On the Consumption of Termites

From Guest Blogger Abraham Paternoster, who is more than half-way through his six-month stint with the team in Burundi

            If you want to come into contact with as many living organisms as possible, visit a jungle. If you want to come into contact with as many insects as possible, visit a jungle with a flashlight. If you want to come into contact with and eventually eat insects at the bargain price of 6¢ a pile surrounded by friendly onlookers, visit Kibuye. While Burundi may not be at the top of many culinary tourism lists, I think it’s fair to say that the team has been intrigued by several types of fare here. Bananas, manioc, roasted goat, and now termites have in varying degrees captured the attention and adventurous spirits of Kibuye’s ex-pats.

            What to say about downing these protein-rich arthropods? Tastes like bacon bits, according to some. Its subtle flavor might be improved with a pinch of salt and, properly seasoned, could conceivably make a delicious party snack at a gathering of open-minded individuals. I highly recommend this as a literal illustration of G.K. Chesterton’s statement about the relationship between an open mind and an open mouth. Other evaluations likened the taste to nuts or suggested they be sprinkled on top of a salad or taken with coffee. Perhaps the only downside to this otherwise pleasant and enriching dining experience is the somewhat unpleasant thought that you are, in fact, eating a bug. That and the legs that get stuck in your teeth.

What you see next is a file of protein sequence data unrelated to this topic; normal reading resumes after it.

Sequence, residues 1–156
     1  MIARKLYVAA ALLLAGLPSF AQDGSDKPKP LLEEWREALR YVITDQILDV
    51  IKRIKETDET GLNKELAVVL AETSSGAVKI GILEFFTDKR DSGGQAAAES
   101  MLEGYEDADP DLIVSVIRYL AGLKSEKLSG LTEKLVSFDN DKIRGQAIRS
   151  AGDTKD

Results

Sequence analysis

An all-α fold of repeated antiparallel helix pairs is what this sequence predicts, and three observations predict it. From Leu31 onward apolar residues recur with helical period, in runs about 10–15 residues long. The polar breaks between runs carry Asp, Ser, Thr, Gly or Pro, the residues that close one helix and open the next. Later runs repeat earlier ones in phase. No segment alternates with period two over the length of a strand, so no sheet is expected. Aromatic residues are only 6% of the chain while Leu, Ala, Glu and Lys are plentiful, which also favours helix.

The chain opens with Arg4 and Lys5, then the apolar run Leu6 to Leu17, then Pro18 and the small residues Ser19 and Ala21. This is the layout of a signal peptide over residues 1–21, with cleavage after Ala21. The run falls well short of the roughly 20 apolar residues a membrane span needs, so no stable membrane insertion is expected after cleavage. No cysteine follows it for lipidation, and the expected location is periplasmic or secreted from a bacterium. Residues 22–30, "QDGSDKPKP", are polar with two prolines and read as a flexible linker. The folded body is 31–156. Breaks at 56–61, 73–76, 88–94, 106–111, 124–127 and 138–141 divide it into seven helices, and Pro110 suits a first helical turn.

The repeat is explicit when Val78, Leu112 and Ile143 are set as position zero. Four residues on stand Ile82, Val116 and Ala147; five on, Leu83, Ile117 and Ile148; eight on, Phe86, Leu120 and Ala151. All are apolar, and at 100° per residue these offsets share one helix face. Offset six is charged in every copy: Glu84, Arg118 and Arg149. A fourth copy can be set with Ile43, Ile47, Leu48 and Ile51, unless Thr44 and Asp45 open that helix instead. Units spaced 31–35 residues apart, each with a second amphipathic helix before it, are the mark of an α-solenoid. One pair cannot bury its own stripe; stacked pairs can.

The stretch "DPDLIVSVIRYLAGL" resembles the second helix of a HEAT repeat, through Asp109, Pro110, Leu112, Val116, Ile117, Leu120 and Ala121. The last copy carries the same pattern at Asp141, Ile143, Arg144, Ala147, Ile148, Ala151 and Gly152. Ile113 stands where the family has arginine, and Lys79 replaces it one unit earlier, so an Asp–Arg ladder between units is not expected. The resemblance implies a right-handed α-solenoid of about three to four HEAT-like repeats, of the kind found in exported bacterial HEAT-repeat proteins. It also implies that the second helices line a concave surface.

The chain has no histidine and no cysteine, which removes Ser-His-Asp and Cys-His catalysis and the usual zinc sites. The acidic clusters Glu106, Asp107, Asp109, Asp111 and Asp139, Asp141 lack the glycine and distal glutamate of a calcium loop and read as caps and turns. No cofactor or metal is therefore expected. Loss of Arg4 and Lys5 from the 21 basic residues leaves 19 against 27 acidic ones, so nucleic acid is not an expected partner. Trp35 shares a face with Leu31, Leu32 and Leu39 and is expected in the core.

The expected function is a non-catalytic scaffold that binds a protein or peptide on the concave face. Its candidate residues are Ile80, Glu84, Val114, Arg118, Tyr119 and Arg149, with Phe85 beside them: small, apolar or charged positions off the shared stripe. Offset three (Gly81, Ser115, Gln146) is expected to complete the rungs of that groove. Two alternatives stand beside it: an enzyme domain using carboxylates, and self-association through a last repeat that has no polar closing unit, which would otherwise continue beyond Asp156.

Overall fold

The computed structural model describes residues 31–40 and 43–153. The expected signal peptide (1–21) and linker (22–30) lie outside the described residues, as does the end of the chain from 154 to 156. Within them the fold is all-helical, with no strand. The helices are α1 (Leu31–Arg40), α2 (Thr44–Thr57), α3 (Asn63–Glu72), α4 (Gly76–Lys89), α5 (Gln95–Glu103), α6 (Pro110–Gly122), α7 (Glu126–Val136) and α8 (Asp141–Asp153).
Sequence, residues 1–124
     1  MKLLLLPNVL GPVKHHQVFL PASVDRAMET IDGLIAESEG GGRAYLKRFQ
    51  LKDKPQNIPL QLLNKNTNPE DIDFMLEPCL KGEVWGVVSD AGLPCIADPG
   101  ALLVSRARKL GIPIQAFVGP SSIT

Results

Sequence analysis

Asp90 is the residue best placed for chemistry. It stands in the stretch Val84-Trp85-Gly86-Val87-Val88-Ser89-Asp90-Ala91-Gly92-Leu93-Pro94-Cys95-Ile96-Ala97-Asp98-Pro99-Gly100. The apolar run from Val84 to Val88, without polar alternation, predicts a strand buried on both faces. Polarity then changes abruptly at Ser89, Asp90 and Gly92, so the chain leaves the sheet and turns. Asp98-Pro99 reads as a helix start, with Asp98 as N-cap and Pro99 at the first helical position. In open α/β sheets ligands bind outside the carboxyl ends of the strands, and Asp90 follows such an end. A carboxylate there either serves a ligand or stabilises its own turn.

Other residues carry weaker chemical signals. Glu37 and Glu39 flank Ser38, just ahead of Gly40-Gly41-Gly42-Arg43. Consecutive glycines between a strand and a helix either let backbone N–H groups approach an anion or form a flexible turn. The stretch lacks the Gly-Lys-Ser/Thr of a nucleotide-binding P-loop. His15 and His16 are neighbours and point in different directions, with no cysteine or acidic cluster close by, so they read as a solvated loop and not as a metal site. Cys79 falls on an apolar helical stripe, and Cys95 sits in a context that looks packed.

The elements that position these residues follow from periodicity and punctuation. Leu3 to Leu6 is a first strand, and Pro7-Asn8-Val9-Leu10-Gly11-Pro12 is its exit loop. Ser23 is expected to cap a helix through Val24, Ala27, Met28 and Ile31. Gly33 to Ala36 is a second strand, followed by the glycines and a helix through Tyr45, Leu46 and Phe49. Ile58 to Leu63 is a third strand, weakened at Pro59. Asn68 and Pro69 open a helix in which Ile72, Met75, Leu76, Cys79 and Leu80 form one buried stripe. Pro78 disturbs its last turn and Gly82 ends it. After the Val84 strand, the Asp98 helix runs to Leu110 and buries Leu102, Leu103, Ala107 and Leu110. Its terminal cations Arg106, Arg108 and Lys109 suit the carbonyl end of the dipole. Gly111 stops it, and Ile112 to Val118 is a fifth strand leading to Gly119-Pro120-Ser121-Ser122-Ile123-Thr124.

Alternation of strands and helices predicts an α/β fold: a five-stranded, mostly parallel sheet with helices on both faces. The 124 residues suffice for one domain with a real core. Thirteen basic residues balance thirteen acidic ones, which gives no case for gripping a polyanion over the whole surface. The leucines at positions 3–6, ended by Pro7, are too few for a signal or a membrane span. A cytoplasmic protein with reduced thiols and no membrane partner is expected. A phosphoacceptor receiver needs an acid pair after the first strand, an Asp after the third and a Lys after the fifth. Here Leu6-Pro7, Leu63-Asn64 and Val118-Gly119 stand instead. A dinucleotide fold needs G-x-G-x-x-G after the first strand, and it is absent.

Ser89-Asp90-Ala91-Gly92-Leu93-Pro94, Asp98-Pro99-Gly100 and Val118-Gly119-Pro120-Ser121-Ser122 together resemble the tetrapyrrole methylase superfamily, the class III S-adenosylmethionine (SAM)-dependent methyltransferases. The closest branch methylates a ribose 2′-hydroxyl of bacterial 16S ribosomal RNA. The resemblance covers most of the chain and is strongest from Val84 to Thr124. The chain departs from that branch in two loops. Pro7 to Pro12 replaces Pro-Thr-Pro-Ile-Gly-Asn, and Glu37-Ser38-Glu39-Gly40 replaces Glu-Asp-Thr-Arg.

Recent visitors Drew and Kim Huang had their curiosity stirred upon hearing that these delicacies were available at the dukas (vendors of local produce) just behind the hospital, so a couple weeks ago they invited the Fader girls and myself to walk up with them to buy the little creatures. For 200 Burundian Francs the woman combined two small handfuls of termites and put them in a little bag for us, but not before offering a few to Drew to see if he would actually eat them. He obliged her and the many spectators that had gathered by popping a couple right then and there, much to their astonishment and delight. We thanked them and carried our prize home, Anna holding the samples we’d been given and eagerly sorting out the heads as the tastiest pieces.

            We arrived back at the Quadplex and proceeded to offer our purchase to all and sundry near and far; several obliging souls partook and found satisfactory while others resisted even the heartiest coaxing. If you’ll pardon the expression, once one peeked, one’s interest either piqued or peaked. It was only among the children that the buggy flavor was occasionally measured and found wanting, suggesting that the composition of cooked termite can go against the child’s sensitive palate. The termites did feature as a sort of a party snack later that evening during a board game, however, lacking salt or other embellishment, they were eaten but gradually and remained unfinished at the game’s close.

            In case a merely descriptive account leaves the visually-inclined readers unconvinced, please refer to the pictures below (photocreds to Drew Huang).

1 comment:

Sandy said...

Oh, I'm shivering while reading this. You are so brave, Abraham! Except I can't decide if YOU ate them! You could describe them well enough. Gulp.